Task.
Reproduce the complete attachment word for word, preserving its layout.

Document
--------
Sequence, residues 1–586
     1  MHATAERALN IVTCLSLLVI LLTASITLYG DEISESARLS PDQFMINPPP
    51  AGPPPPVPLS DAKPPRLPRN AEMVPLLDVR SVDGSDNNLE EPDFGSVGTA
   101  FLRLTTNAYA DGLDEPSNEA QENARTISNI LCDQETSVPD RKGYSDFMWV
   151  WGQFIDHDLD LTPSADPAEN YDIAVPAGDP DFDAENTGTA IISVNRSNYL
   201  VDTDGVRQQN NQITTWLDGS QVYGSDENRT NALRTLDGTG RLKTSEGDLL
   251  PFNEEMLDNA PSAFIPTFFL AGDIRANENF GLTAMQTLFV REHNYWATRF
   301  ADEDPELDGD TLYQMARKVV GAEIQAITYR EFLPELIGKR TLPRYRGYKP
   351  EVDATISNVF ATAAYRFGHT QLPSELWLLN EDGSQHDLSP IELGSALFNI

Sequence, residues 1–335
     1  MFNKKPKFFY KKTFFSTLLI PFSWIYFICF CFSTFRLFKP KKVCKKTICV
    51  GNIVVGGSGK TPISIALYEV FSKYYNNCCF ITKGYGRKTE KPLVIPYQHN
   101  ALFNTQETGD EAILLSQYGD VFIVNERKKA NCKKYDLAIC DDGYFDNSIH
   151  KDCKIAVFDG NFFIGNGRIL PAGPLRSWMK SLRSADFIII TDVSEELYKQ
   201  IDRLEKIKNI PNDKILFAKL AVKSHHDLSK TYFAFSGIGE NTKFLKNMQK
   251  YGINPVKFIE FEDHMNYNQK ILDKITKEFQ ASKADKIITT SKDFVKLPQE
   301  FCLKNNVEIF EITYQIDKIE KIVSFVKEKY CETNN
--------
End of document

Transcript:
Sequence, residues 1–586
     1  MHATAERALN IVTCLSLLVI LLTASITLYG DEISESARLS PDQFMINPPP
    51  AGPPPPVPLS DAKPPRLPRN AEMVPLLDVR SVDGSDNNLE EPDFGSVGTA
   101  FLRLTTNAYA DGLDEPSNEA QENARTISNI LCDQETSVPD RKGYSDFMWV
   151  WGQFIDHDLD LTPSADPAEN YDIAVPAGDP DFDAENTGTA IISVNRSNYL
   201  VDTDGVRQQN NQITTWLDGS QVYGSDENRT NALRTLDGTG RLKTSEGDLL
   251  PFNEEMLDNA PSAFIPTFFL AGDIRANENF GLTAMQTLFV REHNYWATRF
   301  ADEDPELDGD TLYQMARKVV GAEIQAITYR EFLPELIGKR TLPRYRGYKP
   351  EVDATISNVF ATAAYRFGHT QLPSELWLLN EDGSQHDLSP IELGSALFNI

Sequence, residues 1–335
     1  MFNKKPKFFY KKTFFSTLLI PFSWIYFICF CFSTFRLFKP KKVCKKTICV
    51  GNIVVGGSGK TPISIALYEV FSKYYNNCCF ITKGYGRKTE KPLVIPYQHN
   101  ALFNTQETGD EAILLSQYGD VFIVNERKKA NCKKYDLAIC DDGYFDNSIH
   151  KDCKIAVFDG NFFIGNGRIL PAGPLRSWMK SLRSADFIII TDVSEELYKQ
   201  IDRLEKIKNI PNDKILFAKL AVKSHHDLSK TYFAFSGIGE NTKFLKNMQK
   251  YGINPVKFIE FEDHMNYNQK ILDKITKEFQ ASKADKIITT SKDFVKLPQE
   301  FCLKNNVEIF EITYQIDKIE KIVSFVKEKY CETNN